I didn't know much about Diego Rivera, but I definitely recognized some of his famous paintings in the book. This is a good account of his life and development as an artist. His romantic life was a bit of a soap opera;he was married to artist Frida Kahlo twice. The paintings and photographs throughout the biography (I would've liked even more) are interesting, and there is a note about Mexican history and Rivera's artistic influences in the back. I love learning about artists, and so do my stude ...more
Matthew Hundley
May 13, 2014 rated it it was ok
I recently read a kids book about Kandinsky and appreciated the imaginative approach. Rivera deserves a similar treatment. This book, however, is no so imaginative. The cover is attractive. But the overall layout or visuals fall flat. It is fine if you want to read a short essay on Rivera's life with a few choice photos of his works.; but I would love to have seen more effort (graphically) in bringing his work to life and inspiring interest in the minds of our younger generations. An artist wort ...more
Brenda Kahn
Jan 15, 2013 rated it really liked it
Shelves: 2013
The title seems to have been changed to Diego Rivera: An Artist for the People, a move I can understand, but "genial cannibal" is certainly attention-grabbing. Rivera was a complex, imperfect man who produced brilliant art. Ms. Rubin contextualizes well, with simple language that engages and flows. The book is also beautifully designed - filled with photographs of the painter as well as his art and plenty of backmatter. Highly recommended.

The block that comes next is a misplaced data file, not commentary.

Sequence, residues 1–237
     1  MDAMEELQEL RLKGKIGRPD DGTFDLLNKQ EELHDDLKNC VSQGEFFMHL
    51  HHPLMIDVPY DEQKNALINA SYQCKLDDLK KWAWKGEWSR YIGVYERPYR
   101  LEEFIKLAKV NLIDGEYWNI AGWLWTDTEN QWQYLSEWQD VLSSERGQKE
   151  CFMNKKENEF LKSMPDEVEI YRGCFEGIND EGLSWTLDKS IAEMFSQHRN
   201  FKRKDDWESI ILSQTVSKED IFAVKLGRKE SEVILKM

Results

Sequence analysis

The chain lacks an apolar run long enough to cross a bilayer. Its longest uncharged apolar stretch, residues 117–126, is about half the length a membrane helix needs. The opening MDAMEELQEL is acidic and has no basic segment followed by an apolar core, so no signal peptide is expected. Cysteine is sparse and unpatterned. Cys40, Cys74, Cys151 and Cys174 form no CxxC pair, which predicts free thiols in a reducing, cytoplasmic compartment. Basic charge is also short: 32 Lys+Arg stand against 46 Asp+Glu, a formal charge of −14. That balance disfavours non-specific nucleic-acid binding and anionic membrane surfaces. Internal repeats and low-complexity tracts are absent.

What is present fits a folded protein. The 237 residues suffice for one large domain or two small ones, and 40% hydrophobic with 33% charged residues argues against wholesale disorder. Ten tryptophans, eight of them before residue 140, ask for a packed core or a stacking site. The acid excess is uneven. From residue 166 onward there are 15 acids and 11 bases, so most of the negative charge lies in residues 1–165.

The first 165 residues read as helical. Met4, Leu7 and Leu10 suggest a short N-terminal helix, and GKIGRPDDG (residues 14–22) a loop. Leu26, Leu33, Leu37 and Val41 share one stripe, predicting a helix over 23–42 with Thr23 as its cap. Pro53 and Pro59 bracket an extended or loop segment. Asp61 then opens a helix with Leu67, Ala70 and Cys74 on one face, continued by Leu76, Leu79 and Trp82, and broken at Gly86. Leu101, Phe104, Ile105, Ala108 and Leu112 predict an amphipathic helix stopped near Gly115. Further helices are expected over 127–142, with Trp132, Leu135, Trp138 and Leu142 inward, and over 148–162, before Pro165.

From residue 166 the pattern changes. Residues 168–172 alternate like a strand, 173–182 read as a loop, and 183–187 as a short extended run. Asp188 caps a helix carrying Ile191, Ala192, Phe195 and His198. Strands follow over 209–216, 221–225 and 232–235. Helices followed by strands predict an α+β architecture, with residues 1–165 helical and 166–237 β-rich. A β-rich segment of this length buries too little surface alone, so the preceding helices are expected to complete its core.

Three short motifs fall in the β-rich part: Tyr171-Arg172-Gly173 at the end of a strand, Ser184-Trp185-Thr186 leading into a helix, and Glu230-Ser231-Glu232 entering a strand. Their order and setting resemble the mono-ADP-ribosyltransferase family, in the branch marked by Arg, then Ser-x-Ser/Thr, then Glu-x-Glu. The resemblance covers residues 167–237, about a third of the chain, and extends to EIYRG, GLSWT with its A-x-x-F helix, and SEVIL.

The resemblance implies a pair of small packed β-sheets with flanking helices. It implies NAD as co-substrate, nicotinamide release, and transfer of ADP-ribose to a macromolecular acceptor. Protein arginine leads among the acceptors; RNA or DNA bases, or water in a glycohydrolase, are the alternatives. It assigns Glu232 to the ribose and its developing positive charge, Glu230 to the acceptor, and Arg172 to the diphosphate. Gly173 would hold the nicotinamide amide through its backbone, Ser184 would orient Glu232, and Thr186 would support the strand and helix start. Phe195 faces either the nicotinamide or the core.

Chris
Jan 21, 2013 rated it it was amazing
This is a fine biography of the Mexican artist, Diego Rivera, that is complemented by many prints of his paintings and murals. Most of the text focuses on his professional career---very little on his rascally lifestyle. Frida Kahlo is mentioned once in a while, but most of the book is dedicated to Rivera's artistic career.

Compact, gracefully written, attractively designed, this was a fun read for me, a novice appreciator of art.
Annie Oosterwyk
Mar 27, 2013 rated it liked it
Shelves: biography
I think it is difficult to write a biography for upper elementary that is interesting and yet appropriate. I think this book succeeds by focusing on the man as an artist and not on his personal or political life. The reading level is not difficult, and the photos of his work and the explanation of it is good. This book has definitely made me want to read an adult biography of the artist and for me that is a good recommendation.
Meg